David Bourget (Western Ontario)
David Chalmers (ANU, NYU)
Rafael De Clercq
Jack Alan Reynolds
Learn more about PhilPapers
AI and Society 13 (1-2):69-87 (1999)
How are social relations appearing in computers? How are social relations realised in a different kind of medium, in the hardware and software of computers? How are the organising principles of computer building related to those of the life-worlds in a social system? Following a partly social constructivist and partly hermeneutic line a more general answer will be presented. The basic conclusion of this approach is simple: computers are constructed under the influence of the ideas of modernity and represent its structure, interests and values, in contrast to computer networks, which embody the ideas of postmodernity
|Keywords||No keywords specified (fix it)|
|Categories||categorize this paper)|
Setup an account with your affiliations in order to access resources via your University's proxy server
Configure custom proxy (use this if your affiliation does not provide a proxy)
|Through your library|
References found in this work BETA
Pamela McCorduck (2004). Machines Who Think (2nd Ed.). A. K. Peters.
Citations of this work BETA
No citations found.
Similar books and articles
Bernd Carsten Stahl (2006). Responsible Computers? A Case for Ascribing Quasi-Responsibility to Computers Independent of Personhood or Agency. Ethics and Information Technology 8 (4):205-213.
Hilde Corneliussen (2011). Gender-Technology Relations: Exploring Stability and Change. Palgrave Macmillan.
Emanuel Adler (2005). Communitarian International Relations: The Epistemic Foundations of International Relations. Routledge.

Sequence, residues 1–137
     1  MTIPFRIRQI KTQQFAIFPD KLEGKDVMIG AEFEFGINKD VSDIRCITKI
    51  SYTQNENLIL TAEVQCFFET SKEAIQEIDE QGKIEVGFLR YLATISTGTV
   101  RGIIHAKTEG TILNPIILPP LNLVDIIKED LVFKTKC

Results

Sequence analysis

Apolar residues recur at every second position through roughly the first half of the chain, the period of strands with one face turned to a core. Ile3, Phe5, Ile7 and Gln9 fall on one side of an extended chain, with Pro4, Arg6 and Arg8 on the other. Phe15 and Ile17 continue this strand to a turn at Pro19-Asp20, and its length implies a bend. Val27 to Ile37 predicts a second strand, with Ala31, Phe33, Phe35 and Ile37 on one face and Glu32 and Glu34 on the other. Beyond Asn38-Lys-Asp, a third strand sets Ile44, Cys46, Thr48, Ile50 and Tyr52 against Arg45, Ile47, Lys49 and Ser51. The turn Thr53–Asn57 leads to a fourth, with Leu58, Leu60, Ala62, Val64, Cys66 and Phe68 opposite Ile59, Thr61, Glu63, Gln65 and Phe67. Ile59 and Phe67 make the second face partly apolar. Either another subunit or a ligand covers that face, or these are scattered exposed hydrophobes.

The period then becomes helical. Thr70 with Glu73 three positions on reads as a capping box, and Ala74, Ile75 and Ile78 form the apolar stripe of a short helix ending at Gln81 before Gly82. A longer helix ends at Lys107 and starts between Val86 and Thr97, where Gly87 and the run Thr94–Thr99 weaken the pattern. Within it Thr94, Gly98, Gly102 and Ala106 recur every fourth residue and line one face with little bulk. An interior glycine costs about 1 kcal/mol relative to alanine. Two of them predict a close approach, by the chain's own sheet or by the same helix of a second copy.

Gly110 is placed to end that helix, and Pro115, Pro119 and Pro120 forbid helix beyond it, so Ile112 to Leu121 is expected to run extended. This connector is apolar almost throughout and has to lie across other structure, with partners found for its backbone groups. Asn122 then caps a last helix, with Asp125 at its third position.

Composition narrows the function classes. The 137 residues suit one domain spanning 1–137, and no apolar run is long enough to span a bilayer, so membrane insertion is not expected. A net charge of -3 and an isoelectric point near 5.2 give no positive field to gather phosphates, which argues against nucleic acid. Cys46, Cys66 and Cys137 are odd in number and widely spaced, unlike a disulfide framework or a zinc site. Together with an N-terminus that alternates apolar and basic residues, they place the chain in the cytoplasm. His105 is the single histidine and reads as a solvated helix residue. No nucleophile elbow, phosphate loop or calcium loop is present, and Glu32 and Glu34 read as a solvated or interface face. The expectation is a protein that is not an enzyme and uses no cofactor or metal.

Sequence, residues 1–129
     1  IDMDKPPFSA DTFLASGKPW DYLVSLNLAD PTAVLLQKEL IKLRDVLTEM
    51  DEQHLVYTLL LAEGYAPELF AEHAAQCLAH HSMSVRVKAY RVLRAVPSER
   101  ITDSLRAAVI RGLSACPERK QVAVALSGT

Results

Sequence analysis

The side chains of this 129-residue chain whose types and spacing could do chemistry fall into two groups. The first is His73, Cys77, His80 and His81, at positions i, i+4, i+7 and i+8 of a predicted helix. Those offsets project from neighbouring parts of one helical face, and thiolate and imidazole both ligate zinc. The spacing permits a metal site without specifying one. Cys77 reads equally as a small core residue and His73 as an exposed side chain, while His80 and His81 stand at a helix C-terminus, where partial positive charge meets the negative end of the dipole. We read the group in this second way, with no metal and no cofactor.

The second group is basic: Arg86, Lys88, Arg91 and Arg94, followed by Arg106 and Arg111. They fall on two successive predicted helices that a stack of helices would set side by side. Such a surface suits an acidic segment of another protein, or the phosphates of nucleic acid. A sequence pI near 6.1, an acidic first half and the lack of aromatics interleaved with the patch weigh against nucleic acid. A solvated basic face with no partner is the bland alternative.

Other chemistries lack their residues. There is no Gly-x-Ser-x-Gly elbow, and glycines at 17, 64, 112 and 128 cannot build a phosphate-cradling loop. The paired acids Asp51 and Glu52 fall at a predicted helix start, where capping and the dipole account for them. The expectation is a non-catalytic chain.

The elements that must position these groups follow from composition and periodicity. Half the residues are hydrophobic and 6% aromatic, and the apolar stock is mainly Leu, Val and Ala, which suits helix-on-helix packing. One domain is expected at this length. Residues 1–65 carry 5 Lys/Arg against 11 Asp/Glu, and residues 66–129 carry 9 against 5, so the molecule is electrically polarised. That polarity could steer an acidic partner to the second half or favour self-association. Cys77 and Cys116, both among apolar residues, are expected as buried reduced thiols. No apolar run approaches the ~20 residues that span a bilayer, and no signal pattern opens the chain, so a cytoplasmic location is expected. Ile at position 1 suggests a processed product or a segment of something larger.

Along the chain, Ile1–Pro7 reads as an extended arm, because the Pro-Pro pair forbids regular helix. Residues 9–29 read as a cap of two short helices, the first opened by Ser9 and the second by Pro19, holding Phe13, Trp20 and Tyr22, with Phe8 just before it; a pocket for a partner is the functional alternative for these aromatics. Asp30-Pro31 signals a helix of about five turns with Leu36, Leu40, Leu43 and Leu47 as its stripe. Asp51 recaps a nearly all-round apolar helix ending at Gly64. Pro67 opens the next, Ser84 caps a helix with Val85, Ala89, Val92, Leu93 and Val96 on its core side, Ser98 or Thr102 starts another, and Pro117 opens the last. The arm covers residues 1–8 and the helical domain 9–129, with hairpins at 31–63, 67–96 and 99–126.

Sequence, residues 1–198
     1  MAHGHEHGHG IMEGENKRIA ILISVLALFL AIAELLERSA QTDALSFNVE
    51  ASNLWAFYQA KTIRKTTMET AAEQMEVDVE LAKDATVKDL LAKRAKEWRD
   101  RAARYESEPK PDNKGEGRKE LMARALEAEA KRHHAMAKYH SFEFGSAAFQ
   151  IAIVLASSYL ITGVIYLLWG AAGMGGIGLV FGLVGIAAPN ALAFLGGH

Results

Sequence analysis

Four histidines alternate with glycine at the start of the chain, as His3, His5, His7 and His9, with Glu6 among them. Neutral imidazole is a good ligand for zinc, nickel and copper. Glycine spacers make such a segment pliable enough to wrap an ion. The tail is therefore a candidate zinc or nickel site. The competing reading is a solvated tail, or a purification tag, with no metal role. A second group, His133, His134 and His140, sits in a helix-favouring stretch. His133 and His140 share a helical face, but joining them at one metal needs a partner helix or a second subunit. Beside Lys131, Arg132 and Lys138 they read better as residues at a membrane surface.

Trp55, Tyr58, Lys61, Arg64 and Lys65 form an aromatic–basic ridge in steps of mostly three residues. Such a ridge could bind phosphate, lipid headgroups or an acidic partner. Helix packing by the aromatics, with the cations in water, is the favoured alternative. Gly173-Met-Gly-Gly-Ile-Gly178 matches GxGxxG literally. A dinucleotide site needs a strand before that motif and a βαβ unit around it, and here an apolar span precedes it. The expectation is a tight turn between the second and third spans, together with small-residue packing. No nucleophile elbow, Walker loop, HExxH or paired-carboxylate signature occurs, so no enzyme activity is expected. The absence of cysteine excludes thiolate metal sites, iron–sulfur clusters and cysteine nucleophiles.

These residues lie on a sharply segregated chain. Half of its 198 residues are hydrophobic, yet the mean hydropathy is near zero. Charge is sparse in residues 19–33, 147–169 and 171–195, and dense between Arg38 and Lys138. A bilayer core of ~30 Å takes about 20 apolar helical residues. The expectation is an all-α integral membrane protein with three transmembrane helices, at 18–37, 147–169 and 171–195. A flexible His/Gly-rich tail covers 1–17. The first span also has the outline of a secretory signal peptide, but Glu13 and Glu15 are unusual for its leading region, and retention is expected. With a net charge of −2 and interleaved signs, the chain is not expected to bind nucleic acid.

Marvin L. Minsky (1982). Why People Think Computers Can't. AI Magazine Fall 1982.
Mark Hogarth (1994). Non-Turing Computers and Non-Turing Computability. Psa 1994:126--138.
Tim van Gelder (1998). Computers and Computation in Cognitive Science. In T.M. Michalewicz (ed.), Advances in Computational Life Sciences Vol.2: Humans to Proteins. Melbourne: CSIRO Publishing.
Philip Brey (2005). The Epistemology and Ontology of Human-Computer Interaction. Minds and Machines 15 (3-4):383-398.
Sanford C. Goldberg (1997). The Very Idea of Computer Self-Knowledge and Self-Deception. Minds and Machines 7 (4):515-529.
Mark Hogarth (2004). Deciding Arithmetic Using SAD Computers. British Journal for the Philosophy of Science 55 (4):681-691.
Andrew Chitty (1998). Recognition and Social Relations of Production. Historical Materialism 2 (1):57-98.
David M. Berry (2011). The Philosophy of Software: Code and Mediation in the Digital Age. Palgrave Macmillan.
Anthony King (2006). How Not to Structure a Social Theory: A Reply to a Critical Response. Philosophy of the Social Sciences 36 (4):464-479.
Added to index2010-08-30
Total downloads7 ( #218,804 of 1,692,917 )
Recent downloads (6 months)1 ( #193,926 of 1,692,917 )
How can I increase my downloads?